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Given the following snippet:

-- error checking omitted for brevity
begin tran

exec database1..my_stored_procedure
exec database2..my_other_stored_procedure

if (@@error <> 0)


Into which database's transaction log(s) will the transactional information be inserted?

I would expect both logs would get all the data, since it wouldn't make sense if you attempted to replay database1's transaction log and it only affected that DB. I'd also expect that you would be unable to replay database1's transaction log on a server where database2 wasn't present, and vice versa.

.. but I'm open to corrections!

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The transaction log isn't recording the SQL statements being executed, as you might be expecting. Instead, it's recording the changes to the raw data in each database, independently.

It's possible for a stored proc from one database to be working entirely in the transaction log of another database.

... database1..my_stored_procedure AS 
INSERT INTO database2..table1 (col1) values (1);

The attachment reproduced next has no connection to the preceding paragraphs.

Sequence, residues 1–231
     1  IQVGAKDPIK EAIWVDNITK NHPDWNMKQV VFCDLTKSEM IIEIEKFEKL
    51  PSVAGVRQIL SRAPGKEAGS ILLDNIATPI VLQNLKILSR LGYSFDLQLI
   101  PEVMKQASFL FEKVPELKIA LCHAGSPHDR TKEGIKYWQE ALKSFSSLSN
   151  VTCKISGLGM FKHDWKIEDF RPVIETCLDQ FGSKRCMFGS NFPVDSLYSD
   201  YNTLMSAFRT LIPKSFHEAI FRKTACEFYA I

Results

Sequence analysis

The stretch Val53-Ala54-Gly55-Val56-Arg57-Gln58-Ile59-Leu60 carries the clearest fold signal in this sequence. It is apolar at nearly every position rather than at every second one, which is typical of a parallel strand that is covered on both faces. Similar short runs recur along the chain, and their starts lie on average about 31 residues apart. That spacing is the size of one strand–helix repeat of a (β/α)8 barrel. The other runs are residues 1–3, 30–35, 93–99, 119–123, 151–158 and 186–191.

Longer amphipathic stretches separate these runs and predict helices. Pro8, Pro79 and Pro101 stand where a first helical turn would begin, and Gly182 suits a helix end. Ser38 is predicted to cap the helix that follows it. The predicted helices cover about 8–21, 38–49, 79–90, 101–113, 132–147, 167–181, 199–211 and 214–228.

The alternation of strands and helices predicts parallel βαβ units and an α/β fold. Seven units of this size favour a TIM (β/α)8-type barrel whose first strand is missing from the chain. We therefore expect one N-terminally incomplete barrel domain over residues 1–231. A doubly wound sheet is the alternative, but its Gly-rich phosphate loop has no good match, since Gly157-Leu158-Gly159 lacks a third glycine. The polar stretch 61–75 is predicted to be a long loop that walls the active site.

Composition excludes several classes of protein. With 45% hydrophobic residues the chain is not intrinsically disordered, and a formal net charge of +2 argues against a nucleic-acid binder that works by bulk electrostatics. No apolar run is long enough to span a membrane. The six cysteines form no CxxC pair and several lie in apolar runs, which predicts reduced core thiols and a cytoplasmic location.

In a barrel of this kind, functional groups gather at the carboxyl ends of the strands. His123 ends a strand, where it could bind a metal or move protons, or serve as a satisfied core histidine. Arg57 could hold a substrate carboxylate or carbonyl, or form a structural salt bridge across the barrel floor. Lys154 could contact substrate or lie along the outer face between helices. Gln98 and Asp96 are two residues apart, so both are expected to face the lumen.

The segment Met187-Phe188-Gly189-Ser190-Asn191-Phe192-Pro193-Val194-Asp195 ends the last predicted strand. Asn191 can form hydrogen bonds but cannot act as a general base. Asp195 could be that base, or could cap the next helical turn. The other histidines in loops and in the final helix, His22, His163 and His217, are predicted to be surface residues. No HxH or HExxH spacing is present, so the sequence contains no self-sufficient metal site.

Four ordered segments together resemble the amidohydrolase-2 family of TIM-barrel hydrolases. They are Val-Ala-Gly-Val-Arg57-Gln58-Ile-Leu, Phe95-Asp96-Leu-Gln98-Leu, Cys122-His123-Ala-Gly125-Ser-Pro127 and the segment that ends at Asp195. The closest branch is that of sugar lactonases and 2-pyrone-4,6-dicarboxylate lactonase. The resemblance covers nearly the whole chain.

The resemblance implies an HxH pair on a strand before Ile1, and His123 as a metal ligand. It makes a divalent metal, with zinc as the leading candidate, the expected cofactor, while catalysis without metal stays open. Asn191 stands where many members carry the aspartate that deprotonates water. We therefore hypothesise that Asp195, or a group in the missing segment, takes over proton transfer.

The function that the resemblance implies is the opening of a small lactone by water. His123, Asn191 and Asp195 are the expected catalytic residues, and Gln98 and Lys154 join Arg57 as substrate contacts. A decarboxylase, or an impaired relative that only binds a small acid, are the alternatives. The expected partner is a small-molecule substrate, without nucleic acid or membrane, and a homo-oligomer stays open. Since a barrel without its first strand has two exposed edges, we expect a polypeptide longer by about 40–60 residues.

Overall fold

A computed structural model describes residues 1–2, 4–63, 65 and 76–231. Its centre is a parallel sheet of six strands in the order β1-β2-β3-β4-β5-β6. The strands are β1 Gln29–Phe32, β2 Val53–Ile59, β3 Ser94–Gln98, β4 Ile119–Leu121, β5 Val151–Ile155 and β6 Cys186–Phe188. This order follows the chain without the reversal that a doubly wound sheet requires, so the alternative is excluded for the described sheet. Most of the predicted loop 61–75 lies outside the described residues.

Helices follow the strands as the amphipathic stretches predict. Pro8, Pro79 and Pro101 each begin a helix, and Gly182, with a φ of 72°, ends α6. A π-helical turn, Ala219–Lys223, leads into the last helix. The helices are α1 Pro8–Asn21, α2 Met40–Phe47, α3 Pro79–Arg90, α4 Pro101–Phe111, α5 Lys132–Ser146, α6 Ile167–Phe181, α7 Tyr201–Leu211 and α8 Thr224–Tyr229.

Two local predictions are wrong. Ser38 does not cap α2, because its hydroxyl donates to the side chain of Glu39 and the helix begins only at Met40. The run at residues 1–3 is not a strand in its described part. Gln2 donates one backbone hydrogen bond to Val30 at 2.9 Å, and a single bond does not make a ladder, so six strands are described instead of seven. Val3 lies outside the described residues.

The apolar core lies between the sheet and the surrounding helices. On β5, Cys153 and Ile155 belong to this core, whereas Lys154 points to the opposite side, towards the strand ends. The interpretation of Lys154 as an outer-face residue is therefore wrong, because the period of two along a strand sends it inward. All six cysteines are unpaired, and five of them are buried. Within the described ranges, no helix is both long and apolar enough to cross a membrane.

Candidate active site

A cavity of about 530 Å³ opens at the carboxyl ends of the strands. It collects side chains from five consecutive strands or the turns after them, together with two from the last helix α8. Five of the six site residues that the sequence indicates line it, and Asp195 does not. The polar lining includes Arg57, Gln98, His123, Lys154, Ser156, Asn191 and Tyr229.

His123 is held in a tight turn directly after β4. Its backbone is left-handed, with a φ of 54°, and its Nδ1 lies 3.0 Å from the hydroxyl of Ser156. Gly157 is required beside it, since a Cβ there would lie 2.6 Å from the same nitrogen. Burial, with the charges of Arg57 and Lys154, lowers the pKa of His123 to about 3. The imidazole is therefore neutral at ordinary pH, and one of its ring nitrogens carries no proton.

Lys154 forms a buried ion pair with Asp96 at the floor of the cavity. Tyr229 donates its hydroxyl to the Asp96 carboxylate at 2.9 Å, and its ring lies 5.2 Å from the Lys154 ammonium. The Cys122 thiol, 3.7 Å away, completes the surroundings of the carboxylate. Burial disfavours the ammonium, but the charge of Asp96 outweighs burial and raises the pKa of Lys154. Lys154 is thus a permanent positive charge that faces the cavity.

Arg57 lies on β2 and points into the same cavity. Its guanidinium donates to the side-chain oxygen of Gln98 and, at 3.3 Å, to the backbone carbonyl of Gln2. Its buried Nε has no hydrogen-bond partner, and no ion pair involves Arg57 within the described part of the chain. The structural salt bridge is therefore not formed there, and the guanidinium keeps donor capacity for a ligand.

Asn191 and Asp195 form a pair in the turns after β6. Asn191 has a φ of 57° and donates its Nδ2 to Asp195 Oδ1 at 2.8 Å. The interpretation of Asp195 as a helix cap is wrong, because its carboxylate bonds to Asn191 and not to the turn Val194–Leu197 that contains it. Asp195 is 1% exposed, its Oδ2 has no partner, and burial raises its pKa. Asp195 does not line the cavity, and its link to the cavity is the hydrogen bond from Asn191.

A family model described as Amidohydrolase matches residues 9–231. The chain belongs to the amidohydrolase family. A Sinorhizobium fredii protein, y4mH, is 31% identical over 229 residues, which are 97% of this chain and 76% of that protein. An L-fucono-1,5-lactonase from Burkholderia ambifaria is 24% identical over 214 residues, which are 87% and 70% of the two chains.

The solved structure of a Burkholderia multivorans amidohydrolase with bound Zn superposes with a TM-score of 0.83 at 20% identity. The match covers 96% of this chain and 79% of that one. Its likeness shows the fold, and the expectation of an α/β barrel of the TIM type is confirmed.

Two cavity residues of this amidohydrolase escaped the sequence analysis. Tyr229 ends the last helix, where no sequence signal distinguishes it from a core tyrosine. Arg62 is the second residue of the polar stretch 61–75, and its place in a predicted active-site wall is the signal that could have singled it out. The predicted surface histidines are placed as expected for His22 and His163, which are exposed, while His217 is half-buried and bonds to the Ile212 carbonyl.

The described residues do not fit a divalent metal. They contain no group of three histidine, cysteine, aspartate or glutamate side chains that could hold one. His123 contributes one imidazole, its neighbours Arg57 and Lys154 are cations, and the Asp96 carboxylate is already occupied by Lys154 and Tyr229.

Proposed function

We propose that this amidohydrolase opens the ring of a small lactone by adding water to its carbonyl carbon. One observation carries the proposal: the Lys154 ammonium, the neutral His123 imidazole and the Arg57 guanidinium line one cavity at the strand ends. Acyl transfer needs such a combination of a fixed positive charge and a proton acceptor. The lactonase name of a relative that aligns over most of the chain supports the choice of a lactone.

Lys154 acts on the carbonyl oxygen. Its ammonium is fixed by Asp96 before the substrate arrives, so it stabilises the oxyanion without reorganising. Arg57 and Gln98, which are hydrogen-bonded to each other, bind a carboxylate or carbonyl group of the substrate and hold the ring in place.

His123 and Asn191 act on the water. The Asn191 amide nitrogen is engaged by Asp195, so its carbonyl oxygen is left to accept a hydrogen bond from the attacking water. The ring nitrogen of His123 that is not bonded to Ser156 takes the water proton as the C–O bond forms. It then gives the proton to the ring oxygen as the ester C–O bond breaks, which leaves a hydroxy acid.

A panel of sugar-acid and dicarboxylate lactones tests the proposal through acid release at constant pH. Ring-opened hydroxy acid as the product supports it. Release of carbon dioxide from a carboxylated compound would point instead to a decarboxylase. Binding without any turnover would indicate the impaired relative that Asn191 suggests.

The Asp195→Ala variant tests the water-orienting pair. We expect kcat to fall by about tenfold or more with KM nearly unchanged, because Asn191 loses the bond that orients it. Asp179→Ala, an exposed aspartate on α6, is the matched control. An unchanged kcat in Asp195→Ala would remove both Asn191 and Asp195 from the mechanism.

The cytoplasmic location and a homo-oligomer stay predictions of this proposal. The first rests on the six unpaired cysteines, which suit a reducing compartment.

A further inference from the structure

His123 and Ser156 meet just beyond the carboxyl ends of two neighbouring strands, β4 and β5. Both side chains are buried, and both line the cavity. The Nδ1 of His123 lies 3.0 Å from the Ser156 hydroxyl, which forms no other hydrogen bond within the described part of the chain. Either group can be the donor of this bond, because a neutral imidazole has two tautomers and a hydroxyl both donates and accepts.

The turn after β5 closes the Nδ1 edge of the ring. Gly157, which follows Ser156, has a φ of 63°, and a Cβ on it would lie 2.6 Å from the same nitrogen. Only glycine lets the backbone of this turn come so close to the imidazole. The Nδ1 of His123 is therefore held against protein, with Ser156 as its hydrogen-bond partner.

^^ changes written to database2's tlog
INSERT INTO database2..table2 (col1) values (2);
  ^^ changes written to database2's tlog
^^ when this transaction is committed, COMMIT is recorded in database2's tlog

Or for it to make changes to both.

... database2..my_other_stored_procedure AS 
INSERT INTO database1..table1 (col1) values (1);
  ^^ changes written to database1's tlog
INSERT INTO database2..table1 (col1) values (2);
  ^^ changes written to database2's tlog
^^ when this transaction is committed, COMMIT is recorded in BOTH database1's and database2's tlog

What's recorded in the transaction log are the actual data changes, not the SQL statements which caused them to happen. The entries to each transaction log file are entirely independent, except insofar as the COMMIT is written to the two log files at the same time, once the transaction is committed.

The same logic applies if you have a larger transaction running a number of stored procedure across multiple databases. Once you COMMIT your transaction, the COMMIT will be recorded in the log of every database that participated in the transaction.

It's perfectly possible to restore a backup of database2, and replay its transaction logs on a server that doesn't have database1.

This behaviour allows some flexibility in how procedures and views are laid out in SQL Server. Many database administrators keep their stored procedures - especially maintenance ones - in a database (e.g. Admin) that's completely separate to application/user databases, and write the results of the maintenance operation to that database. Thankfully, it's possible to restore one of the user databases to a development server without needing to copy across Admin as well.

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